11. Transnational Academic Mobility and Gender

    Science.gov (United States)

    Jons, Heike

    2011-01-01

    This paper examines to what extent the participation of researchers in transnational academic mobility, their experiences and perceived outcomes vary by gender. Based on longitudinal statistics, original survey data and semi-structured interviews with former visiting researchers in Germany, the paper shows that the academic world of female…

  12. Gender and international crisis response

    DEFF Research Database (Denmark)

    Eklund, Lisa; Tellier, Siri

    2012-01-01

    For more than a decade the humanitarian community has been mandated to mainstream gender in its response to crises. One element of this mandate is a repeated call for sex-disaggregated data to help guide the response. This study examines available analyses, assessments and academic literature to ...

  13. Gender differences in addiction severity.

    Science.gov (United States)

    Díaz-Mesa, Eva M; García-Portilla, Paz; Fernández-Artamendi, Sergio; Sáiz, Pilar A; Bobes Bascarán, Teresa; Casares, María José; Fonseca, Eduardo; Al-Halabí, Susana; Bobes, Julio

    2016-06-14

    Gender has been associated with substance use disorders (SUD). However, there are few studies that have evaluated gender differences in a global and a standardized way, and with a large sample of patients with SUD. Our goal is to analyze the role of gender in addiction severity throughout multiple life domains, using the Addiction Severity Index-6 (ASI-6). A naturalistic, multicenter and prospective study was conducted. A total of 221 patients with SUD (80.1% men) were interviewed with the ASI-6. Our results indicate that the Recent Summary Scores (RSSs) of men and women are similar, with the exception of Psychiatric and Partner- Problems, where women showed higher severity (p = .017 and p = .013, respectively). Statistically significant gender differences were found in certain aspects of the ASI-6 domains: men have more problems of physical health, legal issues, and alcohol and other substance use; and woman score higher in problems of mental health, social network, subjective evaluations of SUD consequences, and treatment needs. These results should be taken into account to improve the identification, prevention, and treatment of SUD.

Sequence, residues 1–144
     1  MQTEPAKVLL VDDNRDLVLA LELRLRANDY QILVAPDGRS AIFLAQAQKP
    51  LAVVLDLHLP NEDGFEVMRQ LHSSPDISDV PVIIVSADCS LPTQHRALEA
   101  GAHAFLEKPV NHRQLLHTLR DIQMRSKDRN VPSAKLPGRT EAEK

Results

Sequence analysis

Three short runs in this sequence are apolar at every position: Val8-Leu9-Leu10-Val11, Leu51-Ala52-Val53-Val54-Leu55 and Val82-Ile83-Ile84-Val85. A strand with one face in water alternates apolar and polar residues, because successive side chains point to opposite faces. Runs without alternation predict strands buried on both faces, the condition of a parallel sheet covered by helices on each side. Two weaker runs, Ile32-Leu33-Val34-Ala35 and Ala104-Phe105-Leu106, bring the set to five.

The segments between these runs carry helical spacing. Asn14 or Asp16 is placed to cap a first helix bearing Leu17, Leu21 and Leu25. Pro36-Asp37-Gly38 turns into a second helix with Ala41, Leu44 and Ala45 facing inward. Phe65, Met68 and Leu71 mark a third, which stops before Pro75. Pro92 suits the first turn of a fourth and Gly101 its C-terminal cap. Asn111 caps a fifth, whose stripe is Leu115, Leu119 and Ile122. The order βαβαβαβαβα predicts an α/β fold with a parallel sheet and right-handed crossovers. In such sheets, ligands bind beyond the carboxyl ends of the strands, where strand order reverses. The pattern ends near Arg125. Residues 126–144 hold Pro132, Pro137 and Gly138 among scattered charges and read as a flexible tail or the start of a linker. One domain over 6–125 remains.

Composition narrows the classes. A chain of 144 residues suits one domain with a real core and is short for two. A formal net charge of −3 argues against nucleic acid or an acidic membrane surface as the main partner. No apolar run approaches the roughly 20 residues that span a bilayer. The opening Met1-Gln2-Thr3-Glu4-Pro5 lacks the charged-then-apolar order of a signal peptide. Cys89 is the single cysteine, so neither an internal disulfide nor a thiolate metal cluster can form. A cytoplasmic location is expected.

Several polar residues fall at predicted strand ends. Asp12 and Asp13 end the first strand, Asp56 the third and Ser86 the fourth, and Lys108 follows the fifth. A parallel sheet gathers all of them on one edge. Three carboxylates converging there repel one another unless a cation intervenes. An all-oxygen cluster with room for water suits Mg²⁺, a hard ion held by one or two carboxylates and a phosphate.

14. MENGGAGAS PENDIDIKAN KARAKTER RESPONSIF GENDER

    Directory of Open Access Journals (Sweden)

    Sofiyan Hadi

    2016-03-01

    ABSTRACT Problems of character education already started sticking in various aspects of life involving men and women. Efforts are needed breakthrough in the design of character educational that can transform the moral values into action and real personality with gender responsive. This brief paper tries to review how the essence of character education and curriculum design as it should be prepared in the perspective of gender justice. This paper concludes that character education is different from the of moral education. If moral education tends to teach the ethical dimensions, good and bad in cognitive level, then character education requires a holistic approach. Character education should include three aspects of knowing, feeling and acting of the good. Therefore, in designing the curriculum needs to consider the three-sphere which is supported by intervention efforts and habituation, starting at the class, school, and family environment. In order for the construction of curricula is not gender-biased, the need to put forward a gender perspective in developing a character education curriculum especiallya in Islamic education in all level in Indonesia.

  15. The Geography of Gender Inequality.

    Science.gov (United States)

    Fisher, Brendan; Naidoo, Robin

    2016-01-01